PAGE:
§ Mr. ARTHUR GREENWOOD
(by Private Notice) asked the Minister of Labour whether the inquiry into the Regulations made under Part II of the Unemployment Act, 1934, has been completed; and, if so, whether he can now indicate the measures the Government propose to take?
§ The MINISTER of LABOUR (Mr. Ernest Brown)
I have had this matter under anxious and prolonged examination, in consultation with the Unemploy- 2 ment Assistance Board, and our inquiries are not yet completed. As the right hon. Gentleman is well aware, the subject is one of great difficulty and complexity, and in view of the importance of a right decision, not only to the unemployed, but in the whole fabric of our social life, it is essential that before new arrangements are submitted to Parliament for approval they should first be examined thoroughly from every standpoint. In these circumstances, it will not be possible to take any action immediately and I do not anticipate that any alteration can be made in the existing position of the Standstill arrangements before next spring at the earliest.
§ Mr. GREENWOOD
May I ask the right hon. Gentleman this very plain question, namely, whether it is a fact that after nine months of consideration they have nothing to disclose to the House?
§ Mr. GREENWOOD
The question I asked was one which affected the whole of the Administration of which the right hon. Gentleman is a member. This question was raised in February. Nine months have now elapsed, and are we to take it that during the whole of these nine months no conclusions have been reached?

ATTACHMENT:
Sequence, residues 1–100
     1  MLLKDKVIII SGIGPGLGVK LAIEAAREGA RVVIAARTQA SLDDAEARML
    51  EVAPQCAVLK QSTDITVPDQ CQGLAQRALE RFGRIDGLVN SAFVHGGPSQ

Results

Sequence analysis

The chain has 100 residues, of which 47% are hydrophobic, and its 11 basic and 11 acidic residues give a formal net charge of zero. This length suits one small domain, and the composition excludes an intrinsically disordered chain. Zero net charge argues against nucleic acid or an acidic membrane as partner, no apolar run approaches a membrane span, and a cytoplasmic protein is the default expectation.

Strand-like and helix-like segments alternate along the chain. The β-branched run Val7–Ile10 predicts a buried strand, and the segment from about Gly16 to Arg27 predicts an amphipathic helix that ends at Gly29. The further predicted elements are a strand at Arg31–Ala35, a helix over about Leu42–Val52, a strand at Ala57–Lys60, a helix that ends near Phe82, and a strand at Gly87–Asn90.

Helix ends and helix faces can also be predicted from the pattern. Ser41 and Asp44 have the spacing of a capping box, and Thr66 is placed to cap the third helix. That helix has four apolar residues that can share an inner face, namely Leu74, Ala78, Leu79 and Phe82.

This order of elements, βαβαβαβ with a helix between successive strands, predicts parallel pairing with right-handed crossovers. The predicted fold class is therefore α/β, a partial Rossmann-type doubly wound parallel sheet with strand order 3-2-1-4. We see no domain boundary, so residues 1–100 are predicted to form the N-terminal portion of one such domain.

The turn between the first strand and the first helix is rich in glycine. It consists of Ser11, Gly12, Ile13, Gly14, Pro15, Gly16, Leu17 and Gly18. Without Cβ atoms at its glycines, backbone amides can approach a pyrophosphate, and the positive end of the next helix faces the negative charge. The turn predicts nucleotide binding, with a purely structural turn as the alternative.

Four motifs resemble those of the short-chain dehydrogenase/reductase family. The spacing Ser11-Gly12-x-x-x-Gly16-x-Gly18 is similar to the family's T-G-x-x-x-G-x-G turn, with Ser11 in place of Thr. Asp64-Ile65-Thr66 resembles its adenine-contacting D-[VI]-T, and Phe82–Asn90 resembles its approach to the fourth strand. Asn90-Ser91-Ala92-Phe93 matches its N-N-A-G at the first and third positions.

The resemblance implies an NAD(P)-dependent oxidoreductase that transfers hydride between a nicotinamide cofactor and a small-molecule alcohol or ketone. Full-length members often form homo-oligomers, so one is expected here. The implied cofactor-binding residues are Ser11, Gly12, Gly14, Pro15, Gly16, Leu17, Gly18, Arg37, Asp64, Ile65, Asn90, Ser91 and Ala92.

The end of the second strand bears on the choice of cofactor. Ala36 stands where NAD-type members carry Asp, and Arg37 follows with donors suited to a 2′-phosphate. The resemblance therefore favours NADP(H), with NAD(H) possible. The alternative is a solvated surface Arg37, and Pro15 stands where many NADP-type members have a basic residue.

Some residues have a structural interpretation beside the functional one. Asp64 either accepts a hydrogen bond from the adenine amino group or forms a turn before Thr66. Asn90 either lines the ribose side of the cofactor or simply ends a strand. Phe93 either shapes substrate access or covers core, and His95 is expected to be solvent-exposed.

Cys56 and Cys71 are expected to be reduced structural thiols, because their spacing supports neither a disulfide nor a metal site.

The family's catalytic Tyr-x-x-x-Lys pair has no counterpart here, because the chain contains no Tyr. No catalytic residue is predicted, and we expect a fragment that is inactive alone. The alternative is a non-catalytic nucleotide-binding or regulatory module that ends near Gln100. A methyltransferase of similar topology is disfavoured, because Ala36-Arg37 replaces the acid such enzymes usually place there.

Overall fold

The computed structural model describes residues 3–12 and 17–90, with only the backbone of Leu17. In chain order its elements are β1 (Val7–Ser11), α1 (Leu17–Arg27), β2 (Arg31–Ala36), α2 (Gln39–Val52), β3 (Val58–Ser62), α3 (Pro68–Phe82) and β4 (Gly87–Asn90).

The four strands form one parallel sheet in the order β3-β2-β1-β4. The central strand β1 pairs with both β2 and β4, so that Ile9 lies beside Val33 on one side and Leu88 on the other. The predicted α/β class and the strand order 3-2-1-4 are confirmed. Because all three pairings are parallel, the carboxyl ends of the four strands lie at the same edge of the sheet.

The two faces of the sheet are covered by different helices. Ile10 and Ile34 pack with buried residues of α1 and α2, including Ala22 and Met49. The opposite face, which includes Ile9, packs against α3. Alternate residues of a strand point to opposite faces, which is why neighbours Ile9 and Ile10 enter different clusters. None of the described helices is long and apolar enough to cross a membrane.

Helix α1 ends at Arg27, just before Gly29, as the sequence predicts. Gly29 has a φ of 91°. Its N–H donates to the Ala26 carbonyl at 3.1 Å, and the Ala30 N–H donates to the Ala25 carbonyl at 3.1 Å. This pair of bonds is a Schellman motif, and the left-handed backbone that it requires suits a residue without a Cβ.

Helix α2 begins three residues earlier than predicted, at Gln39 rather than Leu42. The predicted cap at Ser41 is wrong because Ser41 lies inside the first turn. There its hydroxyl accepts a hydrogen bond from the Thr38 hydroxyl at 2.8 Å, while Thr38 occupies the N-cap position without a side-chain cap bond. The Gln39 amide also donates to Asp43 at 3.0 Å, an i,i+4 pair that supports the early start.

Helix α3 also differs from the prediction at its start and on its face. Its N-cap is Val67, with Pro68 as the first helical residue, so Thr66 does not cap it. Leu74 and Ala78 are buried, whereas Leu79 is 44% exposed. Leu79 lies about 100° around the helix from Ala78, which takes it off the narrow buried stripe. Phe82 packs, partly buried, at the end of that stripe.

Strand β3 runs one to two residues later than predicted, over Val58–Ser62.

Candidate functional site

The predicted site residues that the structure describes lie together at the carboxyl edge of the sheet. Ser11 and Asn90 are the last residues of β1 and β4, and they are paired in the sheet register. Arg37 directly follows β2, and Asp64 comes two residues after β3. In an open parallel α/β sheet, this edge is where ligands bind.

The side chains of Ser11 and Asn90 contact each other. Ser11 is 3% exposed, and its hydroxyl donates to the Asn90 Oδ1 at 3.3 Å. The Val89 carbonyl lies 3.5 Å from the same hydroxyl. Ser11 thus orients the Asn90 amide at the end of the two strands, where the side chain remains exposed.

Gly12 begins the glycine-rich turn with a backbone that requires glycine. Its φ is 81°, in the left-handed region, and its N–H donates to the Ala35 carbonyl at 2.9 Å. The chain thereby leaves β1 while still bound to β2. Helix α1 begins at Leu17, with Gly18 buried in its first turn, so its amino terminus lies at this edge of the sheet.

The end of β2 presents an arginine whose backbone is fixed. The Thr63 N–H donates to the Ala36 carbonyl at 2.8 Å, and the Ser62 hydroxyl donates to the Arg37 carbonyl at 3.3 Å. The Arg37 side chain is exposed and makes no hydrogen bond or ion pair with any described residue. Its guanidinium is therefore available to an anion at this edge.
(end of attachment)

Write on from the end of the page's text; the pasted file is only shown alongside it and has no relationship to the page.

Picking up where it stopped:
§ Mr. GREENWOOD
Is it the intention of the Government to make no statement whatever of their intentions before the House expires?
§ Mr. ATTLEE
May I ask the Prime Minister whether this House will be given an opportunity before it is dissolved of discussing the question of the Unemployment Regulations and the provisions made for the unemployed?
§ The PRIME MINISTER (Mr. Baldwin)
Before I reply to that question I would like to offer, as a fellow sufferer, my warmest congratulations to the right hon. Member for the honour which has been done him by his Party. I will, at the same time, as an old Parliamentary hand, offer him my sympathy in the position that must arise in leading any party on occasions. If it does arise he may be conscious, and, I hope, appreciative of my full sympathy. There is a question on that very point, I understand, later, and perhaps the right hon. Gentleman will be content to await the reply.
§ Mr. BUCHANAN
Is the right hon. Gentleman the Minister of Labour aware that the Statute which this Government passed had fixed a time limit for these Regulations to operate; is he aware that the position was altered only temporarily; and, in view of the fact that the Statute does govern it to some extent and he has, practically speaking, all the information at his disposal, why does he not tell the House at least the main outlines of what he intends to do?
§ Mr. MANDER
Would not the simplest course be to abolish the household means test altogether at once?